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Inheritance tax threshold in UK

Everything You Need to know on Inheritance Tax Planning in the UK

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Inheritance Tax Threshold in the UK

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One of the most important aspects of estate planning is figuring out what the inheritance tax threshold is in the UK. This is a tax that is charged on money and assets that belong to a person and are passed on after they die. Understanding the inheritance tax to pay and IHT thresholds can help you manage your finances and plan for the future, both of which are essential steps in estate planning.

What is the threshold for inheritance tax

The worth of your estate—everything you own when you pass away—is the basis for calculating inheritance tax.

Inheritance tax threshold 2022

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Everyone receives a tax-free allowance from the government called the nil-rate band (NRB), which is presently set at £325,000.

This threshold had been set until 2026, but in his Autumn Statement in November, the Chancellor raised it to 2028.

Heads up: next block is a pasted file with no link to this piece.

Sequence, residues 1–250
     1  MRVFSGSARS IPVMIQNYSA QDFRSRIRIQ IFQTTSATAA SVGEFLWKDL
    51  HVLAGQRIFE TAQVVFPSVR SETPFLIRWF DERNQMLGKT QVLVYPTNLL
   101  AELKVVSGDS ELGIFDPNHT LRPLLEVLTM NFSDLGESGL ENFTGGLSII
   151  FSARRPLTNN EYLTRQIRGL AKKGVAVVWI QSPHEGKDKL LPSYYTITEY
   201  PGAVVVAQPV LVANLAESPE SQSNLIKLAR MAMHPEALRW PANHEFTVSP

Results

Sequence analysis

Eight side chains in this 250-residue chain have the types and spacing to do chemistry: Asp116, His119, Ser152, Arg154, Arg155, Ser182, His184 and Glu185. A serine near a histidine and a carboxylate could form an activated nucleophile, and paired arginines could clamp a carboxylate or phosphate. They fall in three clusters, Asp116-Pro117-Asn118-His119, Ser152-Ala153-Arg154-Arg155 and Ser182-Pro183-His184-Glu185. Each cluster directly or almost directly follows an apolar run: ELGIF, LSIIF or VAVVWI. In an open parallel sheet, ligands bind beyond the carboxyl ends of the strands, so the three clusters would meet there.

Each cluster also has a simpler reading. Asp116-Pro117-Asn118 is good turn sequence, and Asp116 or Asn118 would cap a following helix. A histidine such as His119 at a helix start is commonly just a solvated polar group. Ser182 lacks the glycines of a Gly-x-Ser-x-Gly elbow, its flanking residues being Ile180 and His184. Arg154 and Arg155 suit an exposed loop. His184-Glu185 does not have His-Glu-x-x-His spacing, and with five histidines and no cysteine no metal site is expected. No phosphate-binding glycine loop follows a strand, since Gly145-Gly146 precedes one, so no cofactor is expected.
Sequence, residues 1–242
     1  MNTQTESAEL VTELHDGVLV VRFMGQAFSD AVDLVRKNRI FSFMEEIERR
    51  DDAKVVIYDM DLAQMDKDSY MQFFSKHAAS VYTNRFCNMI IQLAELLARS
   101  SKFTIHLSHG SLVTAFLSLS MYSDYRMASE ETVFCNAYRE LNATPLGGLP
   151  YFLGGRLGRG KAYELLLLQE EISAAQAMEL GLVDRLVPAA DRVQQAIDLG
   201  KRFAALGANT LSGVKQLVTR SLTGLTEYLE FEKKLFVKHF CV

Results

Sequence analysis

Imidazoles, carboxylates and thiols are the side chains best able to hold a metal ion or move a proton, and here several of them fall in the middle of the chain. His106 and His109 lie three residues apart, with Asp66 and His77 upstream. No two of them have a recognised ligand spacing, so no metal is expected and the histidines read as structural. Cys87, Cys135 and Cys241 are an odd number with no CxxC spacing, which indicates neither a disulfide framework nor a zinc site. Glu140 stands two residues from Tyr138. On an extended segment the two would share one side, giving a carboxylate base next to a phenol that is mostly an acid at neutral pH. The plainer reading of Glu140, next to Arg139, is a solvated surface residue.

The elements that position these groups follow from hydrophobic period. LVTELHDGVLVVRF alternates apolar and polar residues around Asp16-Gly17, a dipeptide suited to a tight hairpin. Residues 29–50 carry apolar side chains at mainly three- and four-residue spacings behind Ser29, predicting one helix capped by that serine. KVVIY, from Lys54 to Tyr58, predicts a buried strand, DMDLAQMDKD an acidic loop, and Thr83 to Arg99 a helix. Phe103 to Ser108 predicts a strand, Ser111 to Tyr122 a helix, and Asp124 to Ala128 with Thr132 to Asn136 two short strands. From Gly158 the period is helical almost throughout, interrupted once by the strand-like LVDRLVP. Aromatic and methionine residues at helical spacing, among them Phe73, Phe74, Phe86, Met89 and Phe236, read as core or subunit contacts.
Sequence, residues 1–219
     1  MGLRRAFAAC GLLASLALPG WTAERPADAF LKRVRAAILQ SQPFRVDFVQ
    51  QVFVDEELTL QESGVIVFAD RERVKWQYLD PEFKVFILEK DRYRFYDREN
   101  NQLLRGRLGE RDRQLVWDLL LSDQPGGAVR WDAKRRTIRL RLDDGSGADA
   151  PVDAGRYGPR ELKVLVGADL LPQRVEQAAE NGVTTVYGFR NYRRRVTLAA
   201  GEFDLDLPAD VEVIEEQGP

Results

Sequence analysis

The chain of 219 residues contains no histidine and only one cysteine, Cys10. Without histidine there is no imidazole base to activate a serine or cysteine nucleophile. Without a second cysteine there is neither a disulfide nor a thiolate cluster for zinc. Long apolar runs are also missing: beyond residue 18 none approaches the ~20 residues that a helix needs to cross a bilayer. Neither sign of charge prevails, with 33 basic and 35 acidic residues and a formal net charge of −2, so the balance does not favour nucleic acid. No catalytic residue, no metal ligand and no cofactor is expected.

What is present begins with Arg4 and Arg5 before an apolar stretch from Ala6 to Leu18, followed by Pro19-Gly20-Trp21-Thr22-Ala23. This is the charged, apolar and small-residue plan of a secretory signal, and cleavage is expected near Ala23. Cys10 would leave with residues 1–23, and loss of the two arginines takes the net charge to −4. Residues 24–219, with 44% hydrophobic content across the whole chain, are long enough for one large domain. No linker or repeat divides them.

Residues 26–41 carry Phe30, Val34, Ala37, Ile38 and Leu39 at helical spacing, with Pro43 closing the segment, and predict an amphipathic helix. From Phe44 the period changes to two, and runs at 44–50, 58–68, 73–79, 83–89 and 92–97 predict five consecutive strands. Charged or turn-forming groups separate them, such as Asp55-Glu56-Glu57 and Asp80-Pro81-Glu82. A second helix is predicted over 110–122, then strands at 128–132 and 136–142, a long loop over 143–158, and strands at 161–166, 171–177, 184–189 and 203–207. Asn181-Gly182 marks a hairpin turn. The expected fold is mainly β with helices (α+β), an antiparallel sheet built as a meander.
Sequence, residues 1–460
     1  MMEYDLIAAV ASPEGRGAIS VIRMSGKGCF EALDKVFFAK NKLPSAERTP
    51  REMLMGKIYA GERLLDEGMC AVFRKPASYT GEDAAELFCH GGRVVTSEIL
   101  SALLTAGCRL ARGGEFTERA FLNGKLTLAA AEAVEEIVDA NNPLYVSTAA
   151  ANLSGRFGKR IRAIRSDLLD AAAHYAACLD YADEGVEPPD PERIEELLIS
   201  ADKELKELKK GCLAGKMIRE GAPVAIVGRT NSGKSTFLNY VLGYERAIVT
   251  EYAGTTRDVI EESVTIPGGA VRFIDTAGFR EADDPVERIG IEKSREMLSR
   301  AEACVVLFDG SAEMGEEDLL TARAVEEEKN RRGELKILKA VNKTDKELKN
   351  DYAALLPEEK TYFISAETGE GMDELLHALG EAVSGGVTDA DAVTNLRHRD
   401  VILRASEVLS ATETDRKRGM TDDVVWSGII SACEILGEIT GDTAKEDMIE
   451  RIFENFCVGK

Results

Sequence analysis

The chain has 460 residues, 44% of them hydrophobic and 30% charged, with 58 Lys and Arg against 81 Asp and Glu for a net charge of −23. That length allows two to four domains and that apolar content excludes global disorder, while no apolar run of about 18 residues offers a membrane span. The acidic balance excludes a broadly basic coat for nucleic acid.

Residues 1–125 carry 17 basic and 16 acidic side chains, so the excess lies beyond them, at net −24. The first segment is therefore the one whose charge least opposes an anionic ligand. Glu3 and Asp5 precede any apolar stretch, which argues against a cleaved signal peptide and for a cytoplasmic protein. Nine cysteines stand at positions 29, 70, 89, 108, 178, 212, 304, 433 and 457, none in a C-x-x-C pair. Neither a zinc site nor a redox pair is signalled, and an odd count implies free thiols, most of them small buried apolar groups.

No IHT is owed if the worth of your estate is less than this amount.

But HMRC imposes a rate of 40% on the surplus if your estate is worth more than the nil-rate band.

Inheritance tax is set at 50% for an estate that is above £2m. This means that for every £2 inherited after £2m, a tax of £1 will be paid.

RNRB – Residence Nil-Rate Band

If certain requirements are satisfied, an additional NRB known as the RNRB may be made available in addition to the regular NRB on deaths after April 6, 2017. 

If the surviving husband or civil partner passes away after April 5, 2017, married couples and civil partners may transfer any unused RNRB, regardless of when the first member of the relationship passed away. Be aware that the term “transferable RNRB” is incorrect; the proper word is “brought forward” allowance.

In general, RNRB will be available if a person leaves their house to their children or other direct descendants and it is part of their estate. The term “closely inherited” property is used in the law. 

How the thresholds changed over the years

This is how the nil rate band or the inheritance tax threshold has revised over the last decade.

FromToThreshold (nil rate band)
6 April 2009 5 April 2026 £325,000
6 April 20085 April 2009£312,000
6 April 20075 April 2008£300,000
6 April 20065 April 2007 £285,000
6 April 20055 April 2006 £275,000


Over four tax years, the RNRB was gradually implemented beginning on April 6, 2017.

FromToThreshold (nil rate band)
6 April 20215 April 2026 £175,000
6 April 20195 April 2020£150,000
6 April 20185 April 2019£125,000
6 April 20175 April 2018 £100,000
6 April 20055 April 2006 £275,000

Inheritance tax thresholds may change further depending on the consumer price index in the UK. This may be a problem for the citizens of the UK amidst rising residential prices.